12.6

14.7

    

Casein

8.2

21.6

82.4

   

Sugar beet pulp

13.1

15.9

9.6

69.1

22.0

47.1

aAnalyzed values. TDF = Total dietary fiber; SDF = Soluble dietary fiber; IDF = Insoluble dietary fiber.

Table 2

Ingredient composition, energy and nutrient levels of the diets (% as fed)

 

Sugar beet pulp, %

 

0.0

15.0

25.0

35.0

45.0

55.0

Ingredients, %

      

 Rice starch

76.0

62.8

54.0

45.2

36.3

27.5

 Casein

20.0

18.2

17.0

15.8

14.7

13.5

 Sugar beet pulp

0.0

15.0

25.0

35.0

45.0

55.0

 Vitamin and mineral premix a

4.0

4.0

4.0

4.0

4.0

4.0

Energy and nutrient values b

 Digestible energy, MJ/kg

14.7

14.8

14.2

14.0

13.6

13.1

 Crude protein, %

17.5

17.3

17.3

17.4

17.3

17.3

 Total dietary fiber, %

0.0

12.1

18.8

24.8

32.0

38.9

 Soluble dietary fiber, %

0.0

4.2

6.0

8.0

10.1

12.2

 Insoluble dietary fiber, %

0.0

7.9

12.8

16.8

21.9

26.7

 Calcium, %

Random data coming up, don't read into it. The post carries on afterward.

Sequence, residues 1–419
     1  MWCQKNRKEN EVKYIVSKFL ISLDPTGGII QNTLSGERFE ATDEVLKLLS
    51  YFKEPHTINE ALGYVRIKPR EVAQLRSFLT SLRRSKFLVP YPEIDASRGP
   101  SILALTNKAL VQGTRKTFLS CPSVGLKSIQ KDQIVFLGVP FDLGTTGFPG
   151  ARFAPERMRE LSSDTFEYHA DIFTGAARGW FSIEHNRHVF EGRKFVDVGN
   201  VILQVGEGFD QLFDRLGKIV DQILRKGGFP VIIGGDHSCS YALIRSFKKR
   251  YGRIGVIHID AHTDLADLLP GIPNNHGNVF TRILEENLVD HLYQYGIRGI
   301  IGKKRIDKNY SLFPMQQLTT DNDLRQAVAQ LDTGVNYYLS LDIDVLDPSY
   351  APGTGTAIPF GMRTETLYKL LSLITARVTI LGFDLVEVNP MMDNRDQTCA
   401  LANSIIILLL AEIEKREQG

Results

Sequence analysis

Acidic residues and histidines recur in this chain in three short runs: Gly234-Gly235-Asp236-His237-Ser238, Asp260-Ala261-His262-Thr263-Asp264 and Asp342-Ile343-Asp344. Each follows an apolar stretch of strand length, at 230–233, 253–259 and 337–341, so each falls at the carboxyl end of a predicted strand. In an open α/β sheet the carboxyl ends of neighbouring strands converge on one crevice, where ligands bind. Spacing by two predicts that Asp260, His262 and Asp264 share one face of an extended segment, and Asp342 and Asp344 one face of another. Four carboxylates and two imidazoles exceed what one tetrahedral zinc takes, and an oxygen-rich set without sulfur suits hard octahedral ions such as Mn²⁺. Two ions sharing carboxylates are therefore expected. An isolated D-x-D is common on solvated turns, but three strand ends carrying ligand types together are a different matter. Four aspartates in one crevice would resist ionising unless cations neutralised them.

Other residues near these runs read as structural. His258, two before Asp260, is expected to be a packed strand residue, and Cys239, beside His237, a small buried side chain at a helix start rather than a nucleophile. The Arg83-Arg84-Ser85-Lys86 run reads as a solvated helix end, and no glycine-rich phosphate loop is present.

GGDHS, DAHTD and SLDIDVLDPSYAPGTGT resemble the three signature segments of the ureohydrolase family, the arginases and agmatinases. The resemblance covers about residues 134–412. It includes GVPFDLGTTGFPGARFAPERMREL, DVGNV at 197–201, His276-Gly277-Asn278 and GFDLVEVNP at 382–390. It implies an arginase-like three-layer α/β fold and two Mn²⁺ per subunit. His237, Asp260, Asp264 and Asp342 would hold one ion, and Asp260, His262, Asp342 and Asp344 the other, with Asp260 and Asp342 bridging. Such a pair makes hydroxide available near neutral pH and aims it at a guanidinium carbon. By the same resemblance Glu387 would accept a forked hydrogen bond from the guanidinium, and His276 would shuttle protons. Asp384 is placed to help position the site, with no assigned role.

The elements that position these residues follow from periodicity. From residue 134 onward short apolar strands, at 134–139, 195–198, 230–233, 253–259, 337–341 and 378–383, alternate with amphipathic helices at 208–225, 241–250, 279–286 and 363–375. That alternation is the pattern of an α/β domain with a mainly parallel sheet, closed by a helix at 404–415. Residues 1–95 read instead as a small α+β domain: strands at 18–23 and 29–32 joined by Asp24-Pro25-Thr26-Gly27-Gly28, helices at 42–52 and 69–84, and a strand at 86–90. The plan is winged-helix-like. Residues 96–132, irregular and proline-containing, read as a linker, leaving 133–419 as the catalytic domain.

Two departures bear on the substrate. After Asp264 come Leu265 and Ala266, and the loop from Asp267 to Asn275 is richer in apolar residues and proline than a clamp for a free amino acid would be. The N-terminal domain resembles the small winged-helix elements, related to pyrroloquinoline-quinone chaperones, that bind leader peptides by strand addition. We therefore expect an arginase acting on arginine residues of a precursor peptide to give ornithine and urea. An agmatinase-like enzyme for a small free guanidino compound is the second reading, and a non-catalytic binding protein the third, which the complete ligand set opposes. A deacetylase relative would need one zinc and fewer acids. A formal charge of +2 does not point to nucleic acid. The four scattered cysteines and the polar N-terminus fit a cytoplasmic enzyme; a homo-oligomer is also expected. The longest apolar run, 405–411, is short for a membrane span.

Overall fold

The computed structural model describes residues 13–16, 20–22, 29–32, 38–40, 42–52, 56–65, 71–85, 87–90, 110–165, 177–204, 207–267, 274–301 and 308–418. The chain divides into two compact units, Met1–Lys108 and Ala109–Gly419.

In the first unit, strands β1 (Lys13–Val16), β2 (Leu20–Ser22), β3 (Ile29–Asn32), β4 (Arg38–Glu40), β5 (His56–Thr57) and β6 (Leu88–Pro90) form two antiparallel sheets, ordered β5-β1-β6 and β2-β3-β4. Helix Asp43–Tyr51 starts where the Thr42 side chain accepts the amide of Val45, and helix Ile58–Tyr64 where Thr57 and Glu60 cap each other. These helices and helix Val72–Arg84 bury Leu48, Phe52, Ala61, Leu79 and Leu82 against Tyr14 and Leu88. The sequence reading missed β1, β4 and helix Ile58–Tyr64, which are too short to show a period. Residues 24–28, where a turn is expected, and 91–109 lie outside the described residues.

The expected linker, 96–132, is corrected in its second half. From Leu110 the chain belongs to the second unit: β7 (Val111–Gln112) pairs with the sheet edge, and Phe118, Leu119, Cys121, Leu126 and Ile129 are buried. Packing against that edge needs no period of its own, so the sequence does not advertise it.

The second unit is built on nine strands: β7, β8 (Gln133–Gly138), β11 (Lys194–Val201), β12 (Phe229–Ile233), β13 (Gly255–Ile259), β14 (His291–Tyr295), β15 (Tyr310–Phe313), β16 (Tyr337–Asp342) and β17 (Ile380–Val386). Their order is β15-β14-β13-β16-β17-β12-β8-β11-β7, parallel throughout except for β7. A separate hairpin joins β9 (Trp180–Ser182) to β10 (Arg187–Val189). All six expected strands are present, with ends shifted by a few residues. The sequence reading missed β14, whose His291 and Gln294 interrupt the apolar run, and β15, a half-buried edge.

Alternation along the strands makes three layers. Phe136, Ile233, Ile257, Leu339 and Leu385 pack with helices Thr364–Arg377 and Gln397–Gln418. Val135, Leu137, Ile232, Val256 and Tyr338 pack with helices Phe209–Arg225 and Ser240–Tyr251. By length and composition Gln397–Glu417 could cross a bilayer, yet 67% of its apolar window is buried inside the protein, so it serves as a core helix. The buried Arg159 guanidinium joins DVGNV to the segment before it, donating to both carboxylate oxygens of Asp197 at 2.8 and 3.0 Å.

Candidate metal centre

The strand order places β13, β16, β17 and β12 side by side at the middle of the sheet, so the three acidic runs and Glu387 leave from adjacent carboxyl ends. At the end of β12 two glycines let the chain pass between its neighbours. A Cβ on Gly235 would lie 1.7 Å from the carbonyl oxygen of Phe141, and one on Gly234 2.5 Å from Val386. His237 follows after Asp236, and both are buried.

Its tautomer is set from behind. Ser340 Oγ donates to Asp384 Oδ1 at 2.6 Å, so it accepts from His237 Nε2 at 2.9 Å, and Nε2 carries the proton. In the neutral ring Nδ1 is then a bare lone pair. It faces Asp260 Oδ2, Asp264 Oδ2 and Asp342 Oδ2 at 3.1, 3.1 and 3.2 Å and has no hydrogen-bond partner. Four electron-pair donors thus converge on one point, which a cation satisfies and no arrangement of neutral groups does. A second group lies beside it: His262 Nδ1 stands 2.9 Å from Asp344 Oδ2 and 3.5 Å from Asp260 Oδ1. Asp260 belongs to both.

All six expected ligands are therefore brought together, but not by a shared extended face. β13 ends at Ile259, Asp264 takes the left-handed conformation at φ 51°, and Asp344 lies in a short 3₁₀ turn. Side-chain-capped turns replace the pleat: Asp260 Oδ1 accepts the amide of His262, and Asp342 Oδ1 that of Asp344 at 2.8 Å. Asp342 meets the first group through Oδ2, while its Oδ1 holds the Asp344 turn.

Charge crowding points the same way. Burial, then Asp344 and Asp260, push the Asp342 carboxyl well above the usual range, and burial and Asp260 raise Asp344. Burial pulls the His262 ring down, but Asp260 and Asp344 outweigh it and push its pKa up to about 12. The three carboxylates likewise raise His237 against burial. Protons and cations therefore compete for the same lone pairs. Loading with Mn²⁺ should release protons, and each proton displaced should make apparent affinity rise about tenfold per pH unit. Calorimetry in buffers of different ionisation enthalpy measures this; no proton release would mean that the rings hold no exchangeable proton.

0.77

0.79

0.81

0.81

0.80

0.82

 Phosphorus, %

0.50

0.55

0.54

0.57

0.54

0.55

 

Sugar beet pulp, %

 

0.0

15.0

25.0

35.0

45.0

55.0

Amino acds, %

      

Aspartic acid

1.28

1.26

1.13

1.26

1.14

1.34

Threonine

0.64

0.70

0.69

0.71

0.71

0.78

Serine

0.81

0.88

0.88

0.83

0.76

0.87

Glutamic acid

3.85

3.96

3.86

3.65

3.53

3.48

Proline

1.61

1.69

1.59

1.40

1.61

1.48

Glycine

0.42

0.37

0.35

0.42

0.41

0.50

Alanine

0.65

0.61

0.66

0.64

0.65

0.68

Valine

1.08

1.14

1.02

1.11

1.00

1.14

Isoleucine

0.89

0.90

0.85

0.86

0.82

0.85

Leucine

1.56

1.63

1.59

1.52

1.49

1.50

Tyrosine

0.82

0.80

0.72

0.76

0.72

0.77

Phenylalanine

0.92

0.92

0.90

0.88

0.85

0.84

Histidine

0.47

0.48

0.54

0.49

0.50

0.50

Lysine

1.55

1.60

1.54

1.58

1.46

1.58

Arginine

0.41

0.55

0.56

0.56

0.55

0.63

Methionine

0.44

0.46

0.47

0.47

0.47

0.48

Tryptophan

0.21

0.22

0.21

0.23

0.22

0.21